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It won’t be long until naturally aspirated V-12s will be arcane, vestiges from a bygone era when people had yet to come up with turbochargers and, instead, resorted to simply adding cylinders to the engine. The Italians have always been poised to create marvellous V-12s but the particularities of a high-revving Italian 12-cylinder engine, such as its perfectly honed soundtrack, are what made these units famous in the middle or in front of Lamborghinis or Ferraris.

Ferrari, for one, has got a long-standing tradition in building front-engined V-12 cars that dates back to its earliest days.

It’s also the automaker behind the last front-engined car to claim the title of the world’s fastest production car. That car, the 365 GTB/4, commonly known as the ’Daytona’, could do 174 mph 51 years ago thanks to its 4.4-liter V-12 developing 347 horsepower at 7,500 rpm and 318 pound-feet of torque at 5,500 rpm. The Daytona’s ability to eat miles for breakfast, lunch, dinner, and dessert was expertly showcased by Brock Yates and Dan Gurney who partnered to cover the distance between New York City and the Portofino Inn on the Pacific Ocean in 35 hours and 54 minutes back in 1971 during the inaugural Cannonball Run.

1984 - 1991 Ferrari Testarossa High Resolution Exterior
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The tradition was then ruptured by a sudden interest in mid-engined cars, most likely spurred by Lamborghini’s astounding Miura.

Ferrari had been dabbling with the rear mid-engine architecture for a couple of years already when the Miura was introduced, but the 250P was a racing car par excellence, with a 'Prova' numberplate to prove its irrelevance on the road.

All that changed when the Daytona was replaced by the 365 Berlinetta Boxer, a car that pioneered (for Ferrari) the use in a road car of the flat-12 configuration. Then came the 512 Berlinetta Boxer and its fuel-injected twin brother before Ferrari decided to resurrect a famous name from the past for its 1984 Pininfarina-penned head-turner. With red cam covers, it had to bear the name ’Testarossa’ and it did.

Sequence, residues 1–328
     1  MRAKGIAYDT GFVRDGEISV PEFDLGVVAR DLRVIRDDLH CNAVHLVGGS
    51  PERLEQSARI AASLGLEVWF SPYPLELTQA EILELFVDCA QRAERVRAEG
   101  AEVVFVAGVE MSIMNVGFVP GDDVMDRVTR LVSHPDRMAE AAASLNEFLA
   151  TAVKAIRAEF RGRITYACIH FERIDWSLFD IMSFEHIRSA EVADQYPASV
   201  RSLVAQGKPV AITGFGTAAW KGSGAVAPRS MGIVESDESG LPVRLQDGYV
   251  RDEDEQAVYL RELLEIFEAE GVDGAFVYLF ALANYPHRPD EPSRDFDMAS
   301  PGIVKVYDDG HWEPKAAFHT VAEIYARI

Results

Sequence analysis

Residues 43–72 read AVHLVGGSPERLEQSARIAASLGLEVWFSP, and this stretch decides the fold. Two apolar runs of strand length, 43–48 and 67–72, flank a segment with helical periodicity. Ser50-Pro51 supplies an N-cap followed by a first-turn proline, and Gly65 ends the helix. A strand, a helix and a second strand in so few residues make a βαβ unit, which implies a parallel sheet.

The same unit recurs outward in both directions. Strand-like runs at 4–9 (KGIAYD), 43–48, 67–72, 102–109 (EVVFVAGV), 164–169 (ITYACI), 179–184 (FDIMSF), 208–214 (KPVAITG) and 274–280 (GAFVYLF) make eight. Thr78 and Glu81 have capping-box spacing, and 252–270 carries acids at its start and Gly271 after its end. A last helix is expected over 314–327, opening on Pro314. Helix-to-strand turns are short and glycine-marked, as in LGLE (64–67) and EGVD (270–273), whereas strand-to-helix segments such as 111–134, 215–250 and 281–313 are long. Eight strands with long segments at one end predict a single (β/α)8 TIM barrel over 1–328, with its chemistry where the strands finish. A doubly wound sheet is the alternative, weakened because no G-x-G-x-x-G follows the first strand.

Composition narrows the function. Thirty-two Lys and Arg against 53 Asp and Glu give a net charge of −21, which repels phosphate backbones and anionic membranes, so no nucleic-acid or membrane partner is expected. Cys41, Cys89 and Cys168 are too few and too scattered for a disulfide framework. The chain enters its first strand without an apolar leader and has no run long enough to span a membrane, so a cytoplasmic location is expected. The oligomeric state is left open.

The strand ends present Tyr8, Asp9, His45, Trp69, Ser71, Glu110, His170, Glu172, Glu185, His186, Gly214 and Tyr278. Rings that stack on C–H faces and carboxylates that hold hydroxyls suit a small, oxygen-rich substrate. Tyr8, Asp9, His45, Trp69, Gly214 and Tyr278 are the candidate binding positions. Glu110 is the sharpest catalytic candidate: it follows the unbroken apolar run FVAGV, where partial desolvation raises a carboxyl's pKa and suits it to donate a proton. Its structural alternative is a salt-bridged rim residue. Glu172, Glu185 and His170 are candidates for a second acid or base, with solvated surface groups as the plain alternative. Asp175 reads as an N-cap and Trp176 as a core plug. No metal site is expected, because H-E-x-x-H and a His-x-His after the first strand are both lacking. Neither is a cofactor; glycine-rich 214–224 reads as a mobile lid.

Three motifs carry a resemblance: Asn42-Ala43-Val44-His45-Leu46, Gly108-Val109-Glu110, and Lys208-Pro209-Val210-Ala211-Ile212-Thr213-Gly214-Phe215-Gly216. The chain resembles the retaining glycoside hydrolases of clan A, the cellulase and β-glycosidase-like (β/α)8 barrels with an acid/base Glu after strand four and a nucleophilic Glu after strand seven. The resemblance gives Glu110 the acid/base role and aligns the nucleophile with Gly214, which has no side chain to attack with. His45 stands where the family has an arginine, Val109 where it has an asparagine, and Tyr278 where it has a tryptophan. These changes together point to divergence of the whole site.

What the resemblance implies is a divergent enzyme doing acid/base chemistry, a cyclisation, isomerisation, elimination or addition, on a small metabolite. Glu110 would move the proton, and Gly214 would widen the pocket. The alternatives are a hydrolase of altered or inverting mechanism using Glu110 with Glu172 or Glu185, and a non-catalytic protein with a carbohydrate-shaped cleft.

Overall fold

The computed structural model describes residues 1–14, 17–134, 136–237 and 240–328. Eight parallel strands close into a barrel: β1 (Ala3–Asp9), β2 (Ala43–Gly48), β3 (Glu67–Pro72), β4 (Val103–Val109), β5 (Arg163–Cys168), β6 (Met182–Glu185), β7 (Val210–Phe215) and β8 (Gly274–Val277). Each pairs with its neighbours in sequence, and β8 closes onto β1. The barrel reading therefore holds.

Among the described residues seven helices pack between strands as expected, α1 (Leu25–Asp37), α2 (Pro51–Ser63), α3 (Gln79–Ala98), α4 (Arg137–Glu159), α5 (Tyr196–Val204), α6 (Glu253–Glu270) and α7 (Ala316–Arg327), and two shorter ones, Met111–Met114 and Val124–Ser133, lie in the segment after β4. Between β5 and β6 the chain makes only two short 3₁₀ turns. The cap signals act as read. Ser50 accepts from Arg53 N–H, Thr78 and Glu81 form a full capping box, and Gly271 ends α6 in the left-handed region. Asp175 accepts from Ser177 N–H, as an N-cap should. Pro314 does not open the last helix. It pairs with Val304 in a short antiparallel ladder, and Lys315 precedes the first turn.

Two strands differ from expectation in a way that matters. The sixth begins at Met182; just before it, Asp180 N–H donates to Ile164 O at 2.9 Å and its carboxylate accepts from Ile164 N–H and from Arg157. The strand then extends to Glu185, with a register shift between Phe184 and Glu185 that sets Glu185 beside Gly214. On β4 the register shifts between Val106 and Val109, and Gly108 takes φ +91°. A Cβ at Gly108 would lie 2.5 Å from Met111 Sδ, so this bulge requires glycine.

When the Testarossa and its siblings were finally sent to a retirement home, Ferrari realized it should revive its much-revered line of front-engined V-12 grand tourers and it did so with the 550 Maranello.

At the same time, the mid-engined legacy continued a cut below with the entry-level F355 while, at the sharp end, Ferrari stuck a V-12 in the middle of its ear-splitting F50. There was, Ferrari finally realized, room under the sun for everybody and, also, pockets large enough to buy just about anything Maranello had to offer so this status quo has remained unchanged up until now. But we’re sure it can’t go on much longer with the 812 Superfast rumored to be the last hurrah, the swan song of the naturally aspirated big displacement V-12 grand tourer.

1996 - 2001 Ferrari 550 Maranello High Resolution Exterior
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This is why Carrozzeria Touring Superleggera’s creation is particularly special. Because it represents a refined take at a modern classic, without mentioning the obvious fact that re-bodied Ferraris are incredibly rare nowadays with Ferrari handling most one-off or limited-run jobs through its ’Special Projects’ department. Back in the ’90s, coach-built models were a more common occurrence with Pininfarina filling its bank accounts by taking in commissions from ultra-rich customers who wanted unique models. The last of them was Jim Glickenhaus who wanted to own a modern interpretation of the legendary winner of the 1967 24 Hours of Daytona, the Ferrari 330 P3/4. Pininfarina duly agreed and Glickenhaus reportedly paid $4 million for it 13 years ago or about $5.1 million today. Ferrari didn’t like it and, probably, it’s no big fan of the F12 Berlinetta Lusso either, but we definitely are.

Source: O’Kane Lavers

Michael Fira
Michael Fira
Associate Editor and Motorsport Expert - fira@topspeed.com
Mihai Fira started out writing about long-distance racing like the famous 24 Hours of Le Mans. As the years went by, his area of interest grew wider and wider and he ever branched beyond the usual confines of an automotive writer. However, his heart is still close to anything car-related and he's most at home retelling the story of some long-since-forgotten moment from the history of auto racing. He'll also take time to explain why the cars of the '60s and '70s are more fascinating than anything on the road today.  Read full bio